6

Psychological matrix

As the conspiracy theory becomes integrated into character, it becomes a paranoid system expressed as behavior (paranoid personality disorder), belief (delusional disorder), and ultimately contaminates core identity, giving rise to paranoid schizophrenia

Integrated personality functioning; there is coherence between behavior, belief, and core identity (integrity)

7

Karmic matrix

Accretions of karmic impressions of ignorance, negative passions, and delusion; feelings of upset and rage mark the emergence of these impressions

Accretion of impressions of understanding, integrated knowledge, and wisdom

Q: How could someone realize they are ensnared with a conspiracy theory, and extricate themselves?

A: It is a matter of recognizing the errors in belief and reasoning that lock the conspiracy theory in place. It is hard to be objective when the conspiracy theory mindset has taken over your rational faculties. Usually, someone outside the conspiracy theory group has to point out to you the logical inconsistencies and implications of continuing to hold the conspiracy theory.

If you are capable of objective self-analysis, you may be able to recognize the signs of layers four and five—whether the group you belong to contends it is privy to secret knowledge or if you identify with a secret group whose mission is to combat perceived evil, for which there is no objective evidence. That is a clue you might have gotten yourself involved in a conspiracy theory.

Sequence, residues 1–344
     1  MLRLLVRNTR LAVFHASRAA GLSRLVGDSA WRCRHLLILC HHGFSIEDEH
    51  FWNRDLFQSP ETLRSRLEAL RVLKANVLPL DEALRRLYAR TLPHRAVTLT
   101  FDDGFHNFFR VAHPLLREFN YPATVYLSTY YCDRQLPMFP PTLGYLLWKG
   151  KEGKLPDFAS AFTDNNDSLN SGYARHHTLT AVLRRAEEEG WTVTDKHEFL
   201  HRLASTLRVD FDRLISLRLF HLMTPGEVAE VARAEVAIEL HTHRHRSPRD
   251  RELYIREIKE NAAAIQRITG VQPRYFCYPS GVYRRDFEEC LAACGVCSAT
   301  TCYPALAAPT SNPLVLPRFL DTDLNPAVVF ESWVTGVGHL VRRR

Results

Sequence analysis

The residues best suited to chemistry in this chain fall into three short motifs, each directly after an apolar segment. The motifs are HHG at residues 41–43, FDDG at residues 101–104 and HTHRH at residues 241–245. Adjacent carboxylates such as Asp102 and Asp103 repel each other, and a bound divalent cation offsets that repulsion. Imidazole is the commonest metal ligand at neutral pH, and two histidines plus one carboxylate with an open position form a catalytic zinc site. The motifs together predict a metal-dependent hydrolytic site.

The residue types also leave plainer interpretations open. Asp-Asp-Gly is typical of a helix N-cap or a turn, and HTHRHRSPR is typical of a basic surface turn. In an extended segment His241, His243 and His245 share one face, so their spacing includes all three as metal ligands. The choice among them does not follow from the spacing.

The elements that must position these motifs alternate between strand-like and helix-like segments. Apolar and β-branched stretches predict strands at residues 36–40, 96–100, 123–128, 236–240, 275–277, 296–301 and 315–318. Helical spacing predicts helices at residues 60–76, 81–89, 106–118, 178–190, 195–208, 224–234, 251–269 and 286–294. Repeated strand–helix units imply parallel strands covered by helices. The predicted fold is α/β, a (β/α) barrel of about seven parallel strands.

Many people in the USA are under the thrall of a variety of conspiracy theories; we suspect that if they could emerge from these delusional world views, much of the animosity for those who hold different political views would dissipate, and we would see enhanced cooperation between the members of both parties.

Q: Are members of right wing and left wing extremist groups under the sway of conspiracy theories?

A: You could use this schema as a framework to analyze their beliefs and mindsets. We suspect that a central conspiracy might indeed play a role in the hateful and paranoid behavior, beliefs, and identification seen in these groups.

We invite you to reflect on these layers, and see if you can recognize any of these patterns operating in you, or in other people. Awareness of these patterns is the first step to eradicating them; it will take some courage and discipline to willingly uproot them and admit that you were wrong.

Given the right circumstances, almost anyone could succumb to these subtle delusional beliefs and perspectives. If you know what to look for, you can often stop yourself from getting involved before you travel down the rabbit hole into Wonderland.